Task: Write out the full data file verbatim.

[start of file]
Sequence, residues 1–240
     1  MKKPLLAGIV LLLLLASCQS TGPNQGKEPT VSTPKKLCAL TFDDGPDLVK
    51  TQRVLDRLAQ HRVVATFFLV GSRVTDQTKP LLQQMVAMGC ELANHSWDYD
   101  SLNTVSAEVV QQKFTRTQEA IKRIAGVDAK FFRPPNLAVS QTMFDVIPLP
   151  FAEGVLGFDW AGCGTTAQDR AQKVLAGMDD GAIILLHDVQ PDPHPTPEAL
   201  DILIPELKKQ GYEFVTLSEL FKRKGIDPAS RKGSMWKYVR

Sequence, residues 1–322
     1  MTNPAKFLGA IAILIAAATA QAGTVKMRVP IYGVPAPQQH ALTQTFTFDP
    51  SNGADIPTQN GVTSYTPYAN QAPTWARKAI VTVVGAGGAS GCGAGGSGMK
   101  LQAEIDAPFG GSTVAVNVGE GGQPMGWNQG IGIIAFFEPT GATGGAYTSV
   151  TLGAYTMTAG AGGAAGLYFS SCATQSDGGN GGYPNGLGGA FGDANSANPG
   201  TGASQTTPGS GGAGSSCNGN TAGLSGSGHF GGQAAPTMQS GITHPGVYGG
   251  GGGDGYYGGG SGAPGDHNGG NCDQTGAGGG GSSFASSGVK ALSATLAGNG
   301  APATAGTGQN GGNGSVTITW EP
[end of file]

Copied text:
Sequence, residues 1–240
     1  MKKPLLAGIV LLLLLASCQS TGPNQGKEPT VSTPKKLCAL TFDDGPDLVK
    51  TQRVLDRLAQ HRVVATFFLV GSRVTDQTKP LLQQMVAMGC ELANHSWDYD
   101  SLNTVSAEVV QQKFTRTQEA IKRIAGVDAK FFRPPNLAVS QTMFDVIPLP
   151  FAEGVLGFDW AGCGTTAQDR AQKVLAGMDD GAIILLHDVQ PDPHPTPEAL
   201  DILIPELKKQ GYEFVTLSEL FKRKGIDPAS RKGSMWKYVR

Sequence, residues 1–322
     1  MTNPAKFLGA IAILIAAATA QAGTVKMRVP IYGVPAPQQH ALTQTFTFDP
    51  SNGADIPTQN GVTSYTPYAN QAPTWARKAI VTVVGAGGAS GCGAGGSGMK
   101  LQAEIDAPFG GSTVAVNVGE GGQPMGWNQG IGIIAFFEPT GATGGAYTSV
   151  TLGAYTMTAG AGGAAGLYFS SCATQSDGGN GGYPNGLGGA FGDANSANPG
   201  TGASQTTPGS GGAGSSCNGN TAGLSGSGHF GGQAAPTMQS GITHPGVYGG
   251  GGGDGYYGGG SGAPGDHNGG NCDQTGAGGG GSSFASSGVK ALSATLAGNG
   301  APATAGTGQN GGNGSVTITW EP